If you experience or witness racism in the workplace…
It’s not always easy to know what to say or do. Racism catches people off-guard, and it can be hard to react appropriately in the moment. If you feel comfortable speaking up, here are some tips you might consider that can make the situation as productive as possible. Note that every situation is different, and no one strategy will work 100 % of the time.
1) If you’re not the one being targeted, speak up. Dealing with racism on a daily basis is exhausting. If you witness racism against others in your workplace, take initiative and be the one to call out the situation. Don’t make those who suffer from it shoulder the burden all by themselves.
2) Ask the person to explain what they said. Sometimes a simple “what do you mean by that?” can lead the person to realize that what they said or did was inappropriate. In a best-case scenario, they might own up to their behaviour and apologize. At the very least, they may be prompted to reflect on what they said. In any case, it’s probably better than saying nothing.
3) When possible, keep cool. Let’s be clear: anger, frustration and sadness are completely justified when dealing with racism. Even if someone does not intend to say or do something racist, racism is still hateful and insidious. However, anger in confronting it is rarely useful. An angry reaction is easier to be dismissed; it can make the situation escalate, and your point may be lost.
4) Focus on the act, not the person. Many people get extremely defensive when accused of racism. Jay Smooth says that one way to avoid this is to focus on what someone said, not who or what they are. “That thing you did was racist” might not get as defensive a reaction as “you’re a racist.”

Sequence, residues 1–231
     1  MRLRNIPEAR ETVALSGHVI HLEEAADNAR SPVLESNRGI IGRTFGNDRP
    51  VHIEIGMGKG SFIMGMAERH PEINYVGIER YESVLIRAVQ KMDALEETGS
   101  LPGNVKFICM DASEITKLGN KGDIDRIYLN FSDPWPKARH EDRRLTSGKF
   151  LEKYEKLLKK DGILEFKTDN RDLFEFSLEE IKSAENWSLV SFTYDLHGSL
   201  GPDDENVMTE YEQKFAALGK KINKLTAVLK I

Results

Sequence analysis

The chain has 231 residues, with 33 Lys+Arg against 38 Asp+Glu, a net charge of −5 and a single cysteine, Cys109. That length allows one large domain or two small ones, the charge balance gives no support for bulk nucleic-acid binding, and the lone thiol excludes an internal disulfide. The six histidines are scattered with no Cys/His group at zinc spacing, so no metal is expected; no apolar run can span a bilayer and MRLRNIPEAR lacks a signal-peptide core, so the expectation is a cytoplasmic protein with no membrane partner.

5) Use counter-examples and facts to dispel myths and stereotypes when you have them. If someone voices a negative stereotype, you might give examples you know about white people who display the same negative characteristics. Better yet, quote a fact or statistic that proves the stereotype wrong. For example, studies show that in the U.S. black and white people use recreational drugs at about the same rates, yet black people are punished for it far more often.
What if you are accused of racism in the workplace?
Much racism today is subtle and hard to detect. While a great many people probably would not think of themselves as racist, studies have shown that large majorities of white people hold subconscious biases against black people. Negative stereotypes of Afrikan people are so pervasive that even 30% of black people display the same subconscious biases against black people. People who don’t suffer from racism on a daily basis are often oblivious to how pervasive it is.
With this in mind, if you are accused of doing or saying something racist, don’t get defensive. Even if you didn’t intend to cause harm, realize that it’s the effects of your actions, not your intentions, that are important. Listen to what the other person has to say and make a genuine effort to understand why your action upset them. Acknowledge that no matter how conscious and aware of race issues you may be, you may well have said or done something wrong. If the other person is in a frame of mind where they might hear a sincere apology, offer one. Keep in mind they are under no obligation to accept it, and that your apology is not deserving of special praise.
Some people express that they are tired of hearing about racism, or get insulted at the allegation that they might have said something racist. Be aware that those who experience racism are much more tired of living with it and having to lead the fight against it.
I don’t feel like I can say anything…
In many work situations power dynamics make it impossible to call out racism on the spot: your supervisor, client or senior coworker might not take kindly to it. In these cases, here are some things you can do:
Realize you’re not alone. There are organizations in Nova Scotia working against systemic racism. Check here for some links to organizations that can help.